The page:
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What to Do When a Recruiter Contacts You on LinkedIn



What to Do When a Recruiter Contacts You on LinkedIn

Let’s talk about what to do when a recruiter contacts you on LinkedIn. Don’t feel like reading? Listen here!

Has a recruiter on LinkedIn contacted you? Here is what to do next and how to manage the request and relationship. 

It can be flattering and encouraging when a recruiter contacts you via LinkedIn. It can also connect you to someone who could help you land a new job, now or in the future, grow your network, and gain experience working with a recruiter. It would be beneficial to take advantage of the opportunity, respond professionally, ask questions, and see where it goes.

“It is never a bad idea to at least listen to what the recruiter is offering. Responding or speaking to the recruiter doesn’t mean you have to interview or accept the role. But gathering information on what is out in the marketplace is always great knowledge for a candidate to have.”

“Typically, when a recruiter reaches out over LinkedIn, they’ve identified something in your background that matches a skillset that one of their clients is looking for,” says Chris Dardis, President of Interim Solutions, Versique Search and Consulting.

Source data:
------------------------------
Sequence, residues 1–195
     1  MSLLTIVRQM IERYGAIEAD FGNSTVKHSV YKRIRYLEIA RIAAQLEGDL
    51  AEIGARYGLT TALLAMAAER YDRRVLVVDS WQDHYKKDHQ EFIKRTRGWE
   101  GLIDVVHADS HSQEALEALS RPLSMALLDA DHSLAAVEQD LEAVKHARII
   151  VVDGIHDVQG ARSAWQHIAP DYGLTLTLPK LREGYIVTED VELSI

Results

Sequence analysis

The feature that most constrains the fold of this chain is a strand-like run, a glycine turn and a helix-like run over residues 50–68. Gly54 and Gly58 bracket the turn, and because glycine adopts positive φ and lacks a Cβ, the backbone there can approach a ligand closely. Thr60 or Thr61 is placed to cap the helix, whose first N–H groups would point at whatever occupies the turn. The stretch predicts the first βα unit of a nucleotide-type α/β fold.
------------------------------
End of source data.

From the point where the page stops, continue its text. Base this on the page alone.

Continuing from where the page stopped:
Ask Questions

When contacted by a recruiter, don’t be afraid to ask questions, says Max Dubroff, Manager of HR Solutions for Sandia National Laboratories, a national nuclear security administration research and development laboratory.

The engagement with the recruiter should be a discussion — a conversation about the role and the company. A good recruiter will be open to any questions you have and do their best to provide as much information as possible. These are two good starter questions to ask when a recruiter contacts you via LinkedIn, says Dubroff:

  • Why are you interested in me?
  • What is special or unique about what I have to offer?

“If you have not been looking for a job, but a recruiter finds you and reaches out, keep an open mind and listen for things that interest you,” says Dubroff. “There are some great recruiters who know how to find the right skills, even if the person is not in the same career path or industry.”

when a recruiter contacts you on linkedin

Understanding the Different Types of Recruiters Who May Contact You

There are two scenarios where active job seekers should be especially excited when hearing from a recruiter via LinkedIn, says Tom Welsh. Welch is an Executive Coach and Senior Career Consultant with Right Management, a global talent management firm offering outplacement, career management, and leadership development solutions. Take the time to see if the role is a fit for you if the recruiter is:

  • An external third-party recruiter (headhunter)
  • From an executive recruiting/staffing firm
  • From a specialized staffing service (e.g., specializing in hiring IT professionals if you are a software engineer).